NYC’s first multi-family geothermal project tops out in Coney Island

May 25, 2023

Images courtesy of LCOR

New York City’s first multi-family geothermal project has topped out in Coney Island. The residential development at 1515 Surf Avenue will include 463 apartments, of which 139 will be designated as affordable. The building’s geothermal system will use the Earth to heat and cool the property and power its water systems, eliminating the need for equipment that would run on fossil fuels.

Developed by LCOR and designed by STUDIO V Architecture, the 16-story building contains 11,000 square feet of ground floor retail space and more than 20,000 square feet of state-of-the-art amenities.

LCOR filed plans for the project in December 2020. The building is located on the grounds of famed Coney Island restaurant Gargiulo’s parking lot. Louis Russo, the owner of Gargiulo’s, agreed to a 99-year ground lease for the space in early 2020.

The developer worked with Ecosave USA on the design and installation of the geothermal system, which is expected to reduce 1515 Surf Avenue’s carbon emissions by over 60 percent.

The system at 1515 Surf Avenue includes wells installed deep underground that use the Earth’s ambient temperature to heat or cool liquids, according to a press release. That energy is then sent throughout the building through pipes and pumps, and uses excess heat as an additional energy source that is then used to heat the building’s pool and hot water.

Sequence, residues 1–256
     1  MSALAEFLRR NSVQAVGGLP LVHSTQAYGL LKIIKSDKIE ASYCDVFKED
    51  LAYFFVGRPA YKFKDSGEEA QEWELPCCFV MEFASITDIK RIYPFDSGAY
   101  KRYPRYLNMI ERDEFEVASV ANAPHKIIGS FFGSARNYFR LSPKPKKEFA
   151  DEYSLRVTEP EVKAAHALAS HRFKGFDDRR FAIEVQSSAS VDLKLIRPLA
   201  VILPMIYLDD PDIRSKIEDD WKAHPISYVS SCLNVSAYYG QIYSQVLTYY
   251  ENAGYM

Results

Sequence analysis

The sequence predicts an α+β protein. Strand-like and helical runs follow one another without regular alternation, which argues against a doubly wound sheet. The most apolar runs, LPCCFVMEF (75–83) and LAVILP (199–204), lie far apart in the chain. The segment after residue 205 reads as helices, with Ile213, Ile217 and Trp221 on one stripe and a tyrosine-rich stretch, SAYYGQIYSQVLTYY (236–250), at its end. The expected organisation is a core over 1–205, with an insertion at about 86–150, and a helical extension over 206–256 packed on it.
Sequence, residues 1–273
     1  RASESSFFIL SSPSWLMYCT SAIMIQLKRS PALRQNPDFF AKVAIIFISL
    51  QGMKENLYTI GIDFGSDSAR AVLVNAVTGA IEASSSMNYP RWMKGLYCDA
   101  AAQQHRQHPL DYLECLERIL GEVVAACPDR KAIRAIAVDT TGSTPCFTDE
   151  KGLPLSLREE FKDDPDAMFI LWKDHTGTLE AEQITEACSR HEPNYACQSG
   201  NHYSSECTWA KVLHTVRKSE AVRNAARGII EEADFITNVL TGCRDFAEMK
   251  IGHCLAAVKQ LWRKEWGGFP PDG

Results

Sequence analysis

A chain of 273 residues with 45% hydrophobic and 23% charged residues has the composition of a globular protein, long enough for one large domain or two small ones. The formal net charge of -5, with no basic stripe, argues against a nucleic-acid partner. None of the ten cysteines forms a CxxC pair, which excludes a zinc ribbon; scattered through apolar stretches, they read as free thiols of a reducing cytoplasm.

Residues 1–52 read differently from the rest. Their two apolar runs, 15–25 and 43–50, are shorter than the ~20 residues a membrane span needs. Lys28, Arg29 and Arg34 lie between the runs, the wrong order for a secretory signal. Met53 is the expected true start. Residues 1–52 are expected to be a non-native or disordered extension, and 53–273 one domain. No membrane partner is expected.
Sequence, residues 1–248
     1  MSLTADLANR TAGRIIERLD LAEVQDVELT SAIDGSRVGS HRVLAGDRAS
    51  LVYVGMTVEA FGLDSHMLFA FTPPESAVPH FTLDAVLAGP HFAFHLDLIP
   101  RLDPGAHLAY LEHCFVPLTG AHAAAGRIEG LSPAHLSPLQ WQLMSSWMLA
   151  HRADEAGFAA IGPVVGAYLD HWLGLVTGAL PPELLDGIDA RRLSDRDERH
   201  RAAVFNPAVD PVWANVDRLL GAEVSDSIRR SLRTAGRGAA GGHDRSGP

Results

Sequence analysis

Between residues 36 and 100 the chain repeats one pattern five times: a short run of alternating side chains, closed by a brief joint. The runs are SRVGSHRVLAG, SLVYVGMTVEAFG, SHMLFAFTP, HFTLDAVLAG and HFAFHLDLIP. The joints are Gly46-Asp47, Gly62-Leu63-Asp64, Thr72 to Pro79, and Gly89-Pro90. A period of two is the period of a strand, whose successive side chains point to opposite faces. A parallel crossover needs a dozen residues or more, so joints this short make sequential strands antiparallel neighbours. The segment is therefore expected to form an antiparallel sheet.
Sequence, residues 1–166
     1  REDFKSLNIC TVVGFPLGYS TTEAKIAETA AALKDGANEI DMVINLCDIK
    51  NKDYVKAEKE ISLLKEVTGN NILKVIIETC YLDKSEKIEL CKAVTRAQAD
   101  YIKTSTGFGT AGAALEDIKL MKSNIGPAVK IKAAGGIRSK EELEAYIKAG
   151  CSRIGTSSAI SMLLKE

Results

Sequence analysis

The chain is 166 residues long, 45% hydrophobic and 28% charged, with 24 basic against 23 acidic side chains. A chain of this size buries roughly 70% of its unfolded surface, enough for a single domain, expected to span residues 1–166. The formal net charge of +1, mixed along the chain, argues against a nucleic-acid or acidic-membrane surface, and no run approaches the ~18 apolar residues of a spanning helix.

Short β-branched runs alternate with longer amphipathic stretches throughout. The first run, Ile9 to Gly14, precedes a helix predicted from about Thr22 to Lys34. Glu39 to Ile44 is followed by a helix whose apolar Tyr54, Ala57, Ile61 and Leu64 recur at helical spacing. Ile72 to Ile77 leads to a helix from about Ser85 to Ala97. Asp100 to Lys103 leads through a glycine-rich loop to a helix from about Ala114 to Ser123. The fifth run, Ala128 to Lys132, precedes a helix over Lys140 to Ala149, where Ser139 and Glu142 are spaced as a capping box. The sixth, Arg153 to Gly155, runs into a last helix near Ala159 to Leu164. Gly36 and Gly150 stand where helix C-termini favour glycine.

“1515 Surf proved that high-rise buildings can be built above geothermal well fields, and through its efficient full electrification and the usage of renewable green energy we can run zero carbon buildings today,” Marcelo Rouco, CEO of Ecosave USA, said.

Residential amenities include an outdoor pool with expansive views of the Coney Island beach and boardwalk, a landscaped courtyard, a state-of-the-art fitness center, an indoor basketball and handball court, flexible co-working spaces, multiple lounges, and on-site parking. Leasing is expected to launch in the first quarter of 2024.

The building is about a block from the beach, the historic Riegelmann boardwalk and the neighborhood’s amusement district, and public transportation at the Coney Island-Stillwell Avenue Station where the D, F, N, and Q subway lines are accessible.

1515 Surf Avenue joins a growing roster of buildings that are being designed with geothermal systems to help the city reach its total carbon neutrality goal by 2040. A citywide ban on gas hookups for new buildings under seven stories took effect this year, with the ban taking effect for taller buildings in 2027.

The Coney Island project will boast the largest active geothermal system in the city’s history when completed next year, until Greenpoint’s 1 Java Street wraps up in 2025. Developed by Lendlease and designed by Marvel, 1 Java Street includes over 830 rental units across five buildings. The project will be the largest all-electric multi-family geothermal project in the state.

Another major net-zero project coming to New York is Arverne East, a sustainable, mixed-use development project in Far Rockaway. Planned for an over 100-acre oceanfront site that has been vacant for 40 years, Arverne East includes 1,650 apartments, with a majority of them affordable, a nature preserve, and several sustainability measures. Upon completion, the development will be one of the most sustainable of its kind in the country.

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